He stood for a moment in extreme fear that something would break out upon him from its hiding-place, but nothing moved, and as his fear subsided he was at leisure to begin to wonder what he had to do there. He recognized the place; it was the scene of his last job, the job from which he had been dismissed, the place to which, for a reason, he had returned. The reason? He looked round; all was quite still. There were no footsteps; there were no braziers, such as he had half expected, for he had thought a watch was set at night. There was no moon in the sky; perhaps it was not night. Indeed it was too light for night; perhaps it was dawn, but there was not yet a sun. As he thought of dawn and another day, he remembered why he was there. He had come there to die, and the rope was on the platform above. He did not quite understand why he was standing at the foot of the ladder, for he seemed to remember that he had mounted it, up to his head, unless he had jumped down to frighten something that had vanished, but it did not matter. What mattered was that dawn was here and his time was short. Unless he acted, his chance and he would be lost. He went again, very quickly and anxiously, up the ladder. At the top he got on to the platform and hurried to find the rope. He had had it ready; he must not waste it. He looked round for it. The rope was not there.

At first he did not believe. This was certainly the place, though in the dawn which was less bright than the moon, and he knew he had hated the moon because it watched him, the corners of that stage between earth and sky were now in darkness. But he went and peered into them and felt. Uselessly. He knelt down, staring round, unaware of any sickness or exhaustion, only of anxiety. He almost lay down, screwing up his eyes, dragging himself round. It was all useless. The rope was not there.

By now, as he raised his head and looked out, the silence was beginning to trouble him, and the pallid dawn. It was good that the light should not grow, but also it was terrifying. There had not been much time, or had there? He could not attend to it; the absence of the rope preoccupied him. Could someone, out of the world that was filled with his rich enemies, have come, while he was down at the foot, doing something he could not remember, and run up the ladder quietly, and stolen back his rope as he himself had stolen it? Perhaps the men who had sent him off that day, or even his wife, out of the room, stretching a lean hand and snatching it, as she had snatched things before-but then she would have snarled or shrilled at him; she always did. He forgot his caution. He rose to his feet, and ran round and round seeking for it. He failed again; the rope was not there.

By the ladder he stood still, holding on to it, utterly defeated at last, in a despair that even he had never felt before. There had always been present to him, unrecognized but secure, man’s last hope, the possibility of death. It may be refused, but the refusal, even the unrecognized refusal, admits hope. Without the knowledge of his capacity of death, however much he fear it, man is desolate. This had gone; he had no chance whatever. The rope was gone; he could not die. He did not yet know that it was because he was already dead.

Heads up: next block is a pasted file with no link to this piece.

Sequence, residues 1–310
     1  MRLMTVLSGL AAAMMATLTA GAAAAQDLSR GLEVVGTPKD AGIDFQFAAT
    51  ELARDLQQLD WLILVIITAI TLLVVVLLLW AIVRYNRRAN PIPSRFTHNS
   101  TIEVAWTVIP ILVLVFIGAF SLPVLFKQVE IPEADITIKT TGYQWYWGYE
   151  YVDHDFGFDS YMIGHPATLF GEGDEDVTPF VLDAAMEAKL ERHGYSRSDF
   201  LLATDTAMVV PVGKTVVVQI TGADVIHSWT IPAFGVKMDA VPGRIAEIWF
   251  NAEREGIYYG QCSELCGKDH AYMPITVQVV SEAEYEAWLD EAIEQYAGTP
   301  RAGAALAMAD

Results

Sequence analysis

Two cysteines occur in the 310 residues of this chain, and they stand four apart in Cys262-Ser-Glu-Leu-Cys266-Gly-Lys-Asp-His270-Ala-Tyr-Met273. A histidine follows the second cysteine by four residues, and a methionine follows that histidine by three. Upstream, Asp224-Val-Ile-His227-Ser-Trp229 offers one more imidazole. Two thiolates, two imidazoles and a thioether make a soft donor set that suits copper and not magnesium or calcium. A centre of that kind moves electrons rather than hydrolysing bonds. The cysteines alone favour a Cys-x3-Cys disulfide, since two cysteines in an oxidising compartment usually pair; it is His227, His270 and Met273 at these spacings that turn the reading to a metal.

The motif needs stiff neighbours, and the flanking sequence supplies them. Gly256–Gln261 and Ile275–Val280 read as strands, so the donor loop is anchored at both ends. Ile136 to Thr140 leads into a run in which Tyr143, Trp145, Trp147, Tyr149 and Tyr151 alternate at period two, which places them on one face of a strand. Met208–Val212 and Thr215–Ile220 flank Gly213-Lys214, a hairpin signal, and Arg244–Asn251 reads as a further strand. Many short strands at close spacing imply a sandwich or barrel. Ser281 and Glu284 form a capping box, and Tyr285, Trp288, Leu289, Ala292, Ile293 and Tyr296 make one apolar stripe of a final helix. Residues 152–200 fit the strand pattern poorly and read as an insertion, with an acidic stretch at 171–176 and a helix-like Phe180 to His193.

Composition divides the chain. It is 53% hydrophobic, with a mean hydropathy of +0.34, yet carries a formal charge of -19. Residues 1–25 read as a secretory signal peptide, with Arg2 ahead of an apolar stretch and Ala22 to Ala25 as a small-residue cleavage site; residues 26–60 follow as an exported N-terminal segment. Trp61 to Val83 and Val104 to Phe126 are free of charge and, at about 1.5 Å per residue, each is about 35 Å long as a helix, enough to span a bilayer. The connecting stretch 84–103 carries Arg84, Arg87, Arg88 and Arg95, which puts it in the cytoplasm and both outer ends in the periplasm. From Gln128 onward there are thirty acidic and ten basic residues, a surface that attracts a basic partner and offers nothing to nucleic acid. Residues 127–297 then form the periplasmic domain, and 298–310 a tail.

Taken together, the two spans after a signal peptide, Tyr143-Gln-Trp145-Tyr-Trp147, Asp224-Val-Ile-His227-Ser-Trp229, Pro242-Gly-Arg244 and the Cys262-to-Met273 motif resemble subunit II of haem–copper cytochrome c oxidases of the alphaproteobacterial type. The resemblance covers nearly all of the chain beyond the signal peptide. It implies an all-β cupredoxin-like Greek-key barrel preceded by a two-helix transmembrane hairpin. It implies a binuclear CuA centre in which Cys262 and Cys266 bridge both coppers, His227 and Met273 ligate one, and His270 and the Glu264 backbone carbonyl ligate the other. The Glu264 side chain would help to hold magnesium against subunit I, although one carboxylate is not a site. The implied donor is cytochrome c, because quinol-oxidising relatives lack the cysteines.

The dead man stood there, a vast dead silence about him and within him. He turned his head this way and that. He no longer minded whether anyone came, and no one did come. He looked back over his shoulder at his platform and its dark corners. Some things were yet concealed. There was shadow; his eyes looked at it for a long while, some days or weeks, without interest or intelligence. Presently there was a stir in it, that presently ceased. He had been looking at it all that time, over his shoulder, still standing there and holding his ladder; his body, or what seemed to him to be his body, his whole consciousness of distances and shapes that seemed not to be he, slowly conforming itself to its intelligence of this other world. The silence of the dead was about him, the light of the dead was over him. He did not like the corners of darkness or the stir in the corners, and presently as he stood there he began to feel that he could get away from them. He knew now that he would not find the rope, that he would not take again the means he had once taken to escape from pain and fear, but in that utter quiet his despair began to discover itself to be more like contentment. He slid on to the ladder, vaguely determined to get as far as he could from the platform of transition. He went soundlessly down, and as he came to ground and loosed his hold he sighed; he took a step or two away and sighed again, and now for pure relief. He felt. through all his new world, the absence of men, the mere absence therefore of evil. The world which was to be represented, there, by the grand culture of Battle Hill, could offer him, after his whole life, no better thing than that it should keep away. justice, so far, rescued him; what more there was had not yet begun to work. He wandered away over the Hill.

http://ebooks.adelaide.edu.au/w/williams/charles/descent-into-hell/chapter2.html

Last updated Tuesday, March 4, 2014 at 12:30